New food strategy: Government pledges to boost UK food security

The food strategy puts an emphasis on UK food production in light of the consequences of Russia’s invasion of Ukraine for the global economy
The food strategy puts an emphasis on UK food production in light of the consequences of Russia’s invasion of Ukraine for the global economy

The government has pledged to boost the level of food the UK produces in light of Russia's war in Ukraine and the impact it is having on global supplies.

Farmers will be issued more support to bolster domestic food production as part of the government's long-awaited food strategy, unveiled today (13 June).

Prime Minister Boris Johnson said the blueprint set out "how we will back farmers, boost British industry and help protect people against the impacts of future economic shocks by safeguarding our food security".

The strategy commits to 'broadly maintaining' the current level of UK food production, while boosting production in certain sectors, such as horticulture.

And £270 million will be invested across farming innovation funding programmes until 2029 "to unlock technologies to drive sustainable farming techniques".

The government says this will "help increase productivity and profitability, as well as the sector’s long-term resilience".

Mr Johnson added: "Harnessing new technologies and innovation, we will grow and eat more of our own food - unlocking jobs across the country and growing the economy, which in turn will ultimately help to reduce pressure on prices."

The strategy includes plans to consult on an ambition for 50% of public sector expenditure on food procurement to be on food either produced locally or to higher standards.

An independent review will also be launched to tackle labour shortages in the food supply chain, and to look at the roles of automation, domestic labour and migration.

And plans have been set out to create a new professional body for the farming industry to step up training and skills, as well as to develop career pathways.

The strategy's launch comes against the backdrop of Russia’s invasion of Ukraine, which has caused knock on impacts for global food supplies as well as spikes in prices.

Welcoming the strategy, the NFU said the war had focused attention on the importance and fragility of the global food security.

The union's president, Minette Batters said: "Food production will always be core to a nation’s resilience and I’m pleased the government has recognised this.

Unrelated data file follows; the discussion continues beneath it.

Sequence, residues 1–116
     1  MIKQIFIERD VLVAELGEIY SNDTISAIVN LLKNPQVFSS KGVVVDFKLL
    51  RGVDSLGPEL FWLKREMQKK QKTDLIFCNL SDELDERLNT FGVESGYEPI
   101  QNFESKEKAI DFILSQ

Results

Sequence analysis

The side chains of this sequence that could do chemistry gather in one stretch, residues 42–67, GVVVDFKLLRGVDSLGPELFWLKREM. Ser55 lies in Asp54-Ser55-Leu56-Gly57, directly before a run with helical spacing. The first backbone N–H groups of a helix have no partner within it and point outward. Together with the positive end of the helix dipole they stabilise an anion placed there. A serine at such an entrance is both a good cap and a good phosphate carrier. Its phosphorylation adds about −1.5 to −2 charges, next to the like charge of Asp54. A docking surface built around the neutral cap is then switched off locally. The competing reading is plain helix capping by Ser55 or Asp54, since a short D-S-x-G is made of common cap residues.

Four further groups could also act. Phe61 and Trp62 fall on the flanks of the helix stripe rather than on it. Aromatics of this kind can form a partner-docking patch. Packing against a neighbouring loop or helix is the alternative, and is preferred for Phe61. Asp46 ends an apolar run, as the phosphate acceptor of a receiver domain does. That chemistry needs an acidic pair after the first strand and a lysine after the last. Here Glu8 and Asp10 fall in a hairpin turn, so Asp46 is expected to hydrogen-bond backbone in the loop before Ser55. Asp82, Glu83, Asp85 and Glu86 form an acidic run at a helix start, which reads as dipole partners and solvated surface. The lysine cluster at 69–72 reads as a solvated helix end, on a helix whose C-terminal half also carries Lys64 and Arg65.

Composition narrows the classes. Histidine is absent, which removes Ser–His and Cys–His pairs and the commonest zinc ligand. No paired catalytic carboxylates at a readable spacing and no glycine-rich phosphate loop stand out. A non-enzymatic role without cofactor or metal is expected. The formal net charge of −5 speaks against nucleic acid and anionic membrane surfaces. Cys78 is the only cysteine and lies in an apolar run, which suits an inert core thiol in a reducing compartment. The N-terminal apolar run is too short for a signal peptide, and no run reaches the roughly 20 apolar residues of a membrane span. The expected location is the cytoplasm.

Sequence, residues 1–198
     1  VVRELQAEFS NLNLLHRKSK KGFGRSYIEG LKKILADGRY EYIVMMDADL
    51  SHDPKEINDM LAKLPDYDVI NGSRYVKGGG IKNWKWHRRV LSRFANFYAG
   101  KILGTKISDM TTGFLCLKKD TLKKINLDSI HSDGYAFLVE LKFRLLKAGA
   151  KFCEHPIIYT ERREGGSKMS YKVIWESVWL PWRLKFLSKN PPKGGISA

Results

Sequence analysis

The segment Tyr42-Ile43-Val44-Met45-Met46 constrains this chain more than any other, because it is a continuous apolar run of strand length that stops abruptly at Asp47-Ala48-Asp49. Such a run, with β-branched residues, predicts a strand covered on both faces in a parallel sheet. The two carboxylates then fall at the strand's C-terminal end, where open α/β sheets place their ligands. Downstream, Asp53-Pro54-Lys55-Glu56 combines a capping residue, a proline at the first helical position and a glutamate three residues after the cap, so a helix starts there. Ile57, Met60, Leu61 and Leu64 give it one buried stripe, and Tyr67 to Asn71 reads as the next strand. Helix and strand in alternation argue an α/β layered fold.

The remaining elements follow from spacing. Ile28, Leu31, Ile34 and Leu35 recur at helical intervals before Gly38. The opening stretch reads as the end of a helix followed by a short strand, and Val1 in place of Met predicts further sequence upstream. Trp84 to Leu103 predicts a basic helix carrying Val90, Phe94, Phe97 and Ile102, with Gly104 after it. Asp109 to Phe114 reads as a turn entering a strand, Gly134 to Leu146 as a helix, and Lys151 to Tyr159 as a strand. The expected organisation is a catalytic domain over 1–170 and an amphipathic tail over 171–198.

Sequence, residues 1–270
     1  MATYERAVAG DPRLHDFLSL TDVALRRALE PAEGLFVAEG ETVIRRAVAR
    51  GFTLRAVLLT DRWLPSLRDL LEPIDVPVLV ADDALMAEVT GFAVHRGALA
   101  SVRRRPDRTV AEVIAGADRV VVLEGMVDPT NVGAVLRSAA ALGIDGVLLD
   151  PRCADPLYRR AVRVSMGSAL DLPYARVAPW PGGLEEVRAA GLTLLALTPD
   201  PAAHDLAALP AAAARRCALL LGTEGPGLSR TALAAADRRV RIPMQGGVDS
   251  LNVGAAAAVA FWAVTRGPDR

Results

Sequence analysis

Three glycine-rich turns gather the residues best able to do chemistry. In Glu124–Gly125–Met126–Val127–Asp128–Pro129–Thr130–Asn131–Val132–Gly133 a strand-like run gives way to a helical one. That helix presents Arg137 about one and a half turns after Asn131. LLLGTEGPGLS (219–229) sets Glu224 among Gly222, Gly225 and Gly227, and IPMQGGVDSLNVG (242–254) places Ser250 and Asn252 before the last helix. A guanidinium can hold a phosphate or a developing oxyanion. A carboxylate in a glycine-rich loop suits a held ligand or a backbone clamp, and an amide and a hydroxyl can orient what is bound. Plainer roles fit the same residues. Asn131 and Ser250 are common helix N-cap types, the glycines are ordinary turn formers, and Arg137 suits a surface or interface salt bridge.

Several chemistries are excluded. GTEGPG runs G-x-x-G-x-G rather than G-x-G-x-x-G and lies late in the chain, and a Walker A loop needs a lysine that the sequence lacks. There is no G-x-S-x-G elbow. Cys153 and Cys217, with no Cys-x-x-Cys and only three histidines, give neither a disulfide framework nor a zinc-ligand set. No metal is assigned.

“We know the public want to be eating more local, British food and farmers are ready to play their part in producing high quality and climate-friendly food, all while protecting and enhancing our environment.

"We now need to see this strategy develop into clear delivery and investment to capitalise on the benefits food and farming delivers for the country, such as our world-leading standards of animal welfare, environmental protection and food safety.”

But critics of the blueprint have pointed to the government's roadmap setting out reductions in farmers' basic payments and the impacts of post-Brexit trade deals, including lower-standard food imports.

Liberal Democrat Rural Affairs spokesperson, Tim Farron MP, said Mr Johnson's claims to be backing farmers were 'nothing more than empty words'.

“If this Conservative government was serious about supporting British farming, they would scrap their short-sighted plans to cut basic payments to farmers by a fifth this year."

Sue Davies, of consumer group Which?, said the strategy lacked ambition and many of the recommendations made by the independent review of the food system, spearheaded by businessman Henry Dimbleby last year.

"It is right that the strategy stresses the importance of driving more sustainable UK food production, but many of the recommendations made by the government's independent adviser... have been watered down, ignored or put off for further consultation."

What else is included in the strategy?

The government's food strategy also includes plans to:

• Incentivise the sector to use surplus heat and CO2 from industrial processes, and renewable sources of energy to increase domestic horticultural production

• Review the planning permission process to support new developments of glasshouses

• Consult on how to improve on and expand animal welfare labelling, to help consumers identify when products meet or exceed our high UK animal welfare standards

• Extend the Seasonal Workers visa route to poultry, following a successful pilot last year

• Publish a framework for land use in England next year

• Explore how to make the most of innovative feed additives that can reduce methane emissions from livestock, to support sustainable farming